US FDA Approves Pradaxa® (dabigatran etexilate)

Boehringer IngelheimThe US Food and Drug Administration (FDA) has approved Pradaxa® (dabigatran etexilate),(1) Boehringer Ingelheim's novel, oral direct thrombin inhibitor(2) for stroke risk reduction in patients with non-valvular atrial fibrillation (AF) marking the first approval of a new oral anticoagulant in the U.S. in more than 50 years. The approval makes Pradaxa® available to a broad spectrum of patients, with the 150 mg bid dose approved for all patients except for a small subset with severe renal impairment (creatinine clearance 15-30 mL/min) where the approved dose is 75 mg bid.

The approval is based on findings from RE-LY®, the largest AF trial completed to date and is set to provide a breakthrough for stroke prevention in AF. The results demonstrated that dabigatran etexilate 150 mg significantly reduced the risk of stroke and systemic embolism by 35 percent beyond the reduction achieved with warfarin, the longtime standard of care, in addition to reductions in life-threatening and intracranial bleeding.(3) Besides providing superior efficacy compared to warfarin, dabigatran etexilate does not require monitoring or related dose adjustments, is not affected by food, and no dose adjustment is required for many common co-medications in AF patients.

Physicians and patients in the US will now be the first to have access to this novel agent for this indication, which has the potential to change the treatment paradigm in stroke prevention in AF.

The RE-LY® trial showed for dabigatran etexilate compared with warfarin:(3)

  • Significant reduction in the risk of stroke and systemic embolism - including haemorrhagic strokes with the 150mg bid dose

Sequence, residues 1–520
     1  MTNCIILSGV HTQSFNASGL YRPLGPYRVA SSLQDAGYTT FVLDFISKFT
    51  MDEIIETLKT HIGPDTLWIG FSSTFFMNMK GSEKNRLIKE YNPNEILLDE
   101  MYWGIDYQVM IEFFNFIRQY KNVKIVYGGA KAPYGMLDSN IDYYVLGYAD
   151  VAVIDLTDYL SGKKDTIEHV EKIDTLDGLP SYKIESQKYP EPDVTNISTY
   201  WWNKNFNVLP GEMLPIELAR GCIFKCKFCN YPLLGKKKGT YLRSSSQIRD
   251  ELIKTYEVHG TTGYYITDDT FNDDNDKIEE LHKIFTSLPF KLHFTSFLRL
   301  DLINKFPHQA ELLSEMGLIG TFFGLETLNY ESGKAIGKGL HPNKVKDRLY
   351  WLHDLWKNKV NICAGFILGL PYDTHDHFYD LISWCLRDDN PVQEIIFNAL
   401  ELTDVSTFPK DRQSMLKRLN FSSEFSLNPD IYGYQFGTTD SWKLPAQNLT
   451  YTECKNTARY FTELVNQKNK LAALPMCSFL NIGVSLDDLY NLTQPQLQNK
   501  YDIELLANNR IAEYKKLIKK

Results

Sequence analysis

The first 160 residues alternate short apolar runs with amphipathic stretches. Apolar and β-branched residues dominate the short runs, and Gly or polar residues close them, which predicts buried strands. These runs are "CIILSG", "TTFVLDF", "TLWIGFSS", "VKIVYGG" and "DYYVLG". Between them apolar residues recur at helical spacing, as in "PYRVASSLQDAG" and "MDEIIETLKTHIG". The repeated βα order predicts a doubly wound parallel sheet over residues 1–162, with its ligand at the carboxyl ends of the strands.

• Significantly lower major bleeding events with the 110mg bid dose
  • Significantly lower life threatening and intracranial bleeding with both doses
  • Significant reduction in vascular mortality with the 150mg bid dose.

Dr. Stuart Connolly, co-principal investigator of RE-LY®, Director, Division of Cardiology at McMaster University and member of The Population Health Research Institute, Hamilton, Ontario said, "Warfarin has been the standard therapy for stroke prevention in AF for many years. However, it is a very difficult treatment to use because of its interaction with various drugs, food types and the need for continuous monitoring to ensure that the drug is at the right therapeutic level. Anticoagulant monitoring is particularly burdensome and it is often difficult to maintain therapeutic range with warfarin, which puts patients at a higher risk of stroke or major haemorrhage. The approval of dabigatran etexilate provides for the first time an effective, flexible and convenient treatment option in the U.S., which will be especially important for the large group of patients who currently do not take any treatment because they cannot tolerate or refuse to take warfarin, or are not adequately controlled under current treatment."

Well-controlled vitamin K antagonist (VKA) therapy (warfarin), currently used for the prevention of stroke in atrial fibrillation, is highly effective in reducing the risk of stroke by approximately two-thirds,(4) but is associated with an increased risk of bleeding as well as several limitations. Drug-drug and food interactions as well as the requirement for frequent monitoring result in only about 50% of eligible patients receiving VKA therapy (5) with fewer than half of these controlled within the therapeutic INR range.(6)